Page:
Outcry over child anonymity ruling
Fiona Bawdon, a freelance journalist and the development manager of Just for Kids Law, writes:
Children’s charities,including the NSPCC and Just for Kids Law, have expressed concern at the recent High Court ruling that former child defendants and victims can be named in the media once they reach age 18.
In the case of JC and RT v Central Criminal Court and (1) Crown Prosecution Service (2) British Broadcasting Corporation and Just for Kids Law (intervener)  EWHC 1041 (QB), 8 April 2014, the High Court was asked to clarify whether anonymity provided to children under Children and Young Persons Act 1933 s39 expires automatically at age 18. The judges, led by Sir Brian Leveson, President of the Queen’s Bench Division, ruled that, under the wording of the Act, children who were formerly involved in court proceedings can be named once they are 18. Sir Brian recognised the need to protect child victims and witnesses, but said that the court could not ‘create a solution out of legislation that was simply not designed to have regard to what is now understood of their needs’ (para 37). He called on parliament to ‘fashion a solution … as a matter of real urgency’ (para 37). The ruling means that children will have less protection than vulnerable adults, who are covered under a later statute (the Youth Justice and Criminal Evidence Act 1999), which gives anonymity for life. Sir Brian described the discrepancy as ‘truly remarkable’ (para 37). Just for Kids Law and the Standing Committee for Youth Justice are to launch a campaign for an urgent change in the law to give children the protection of anonymity into adulthood.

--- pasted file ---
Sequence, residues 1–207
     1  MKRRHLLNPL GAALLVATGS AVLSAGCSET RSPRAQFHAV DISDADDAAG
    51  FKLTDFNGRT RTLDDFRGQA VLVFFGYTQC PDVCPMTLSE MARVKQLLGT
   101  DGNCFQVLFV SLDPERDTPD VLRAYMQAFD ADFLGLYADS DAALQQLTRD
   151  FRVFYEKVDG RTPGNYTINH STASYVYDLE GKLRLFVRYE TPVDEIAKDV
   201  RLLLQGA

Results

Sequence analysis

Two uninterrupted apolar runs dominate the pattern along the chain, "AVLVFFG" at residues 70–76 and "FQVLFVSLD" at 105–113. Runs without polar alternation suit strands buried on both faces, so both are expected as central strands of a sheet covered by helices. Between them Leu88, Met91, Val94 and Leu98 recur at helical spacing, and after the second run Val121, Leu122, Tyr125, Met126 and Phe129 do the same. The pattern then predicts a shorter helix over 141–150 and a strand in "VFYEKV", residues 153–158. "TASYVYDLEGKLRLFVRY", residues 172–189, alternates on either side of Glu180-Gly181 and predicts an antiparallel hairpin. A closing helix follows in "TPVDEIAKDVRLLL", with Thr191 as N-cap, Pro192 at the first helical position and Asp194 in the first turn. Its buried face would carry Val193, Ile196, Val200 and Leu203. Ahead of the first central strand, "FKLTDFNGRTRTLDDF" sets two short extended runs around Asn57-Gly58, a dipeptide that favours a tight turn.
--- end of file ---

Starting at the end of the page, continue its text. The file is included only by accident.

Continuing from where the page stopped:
JC and RT involved two former child defendants given community sentences for offences committed when they were 16 and 17. The claimants were challenging an earlier Crown Court ruling that they could be named now they had reached 18, even though they were no longer involved in any court proceedings. The BBC and a raft of news groups joined the action as interested parties. Just for Kids Law was given permission to intervene in the case, arguing that anonymity under section 39 should extend beyond the age of 18. The charity’s director, barrister Shauneen Lambe, said: ‘The difficulties of encouraging child victims and witnesses to come forward are well recognised, as has been reported by the NSPCC report into the Jimmy Savile scandal. For a child, knowing that they could be named in the world’s press once they turn 18, could be a real deterrent to their coming forward.’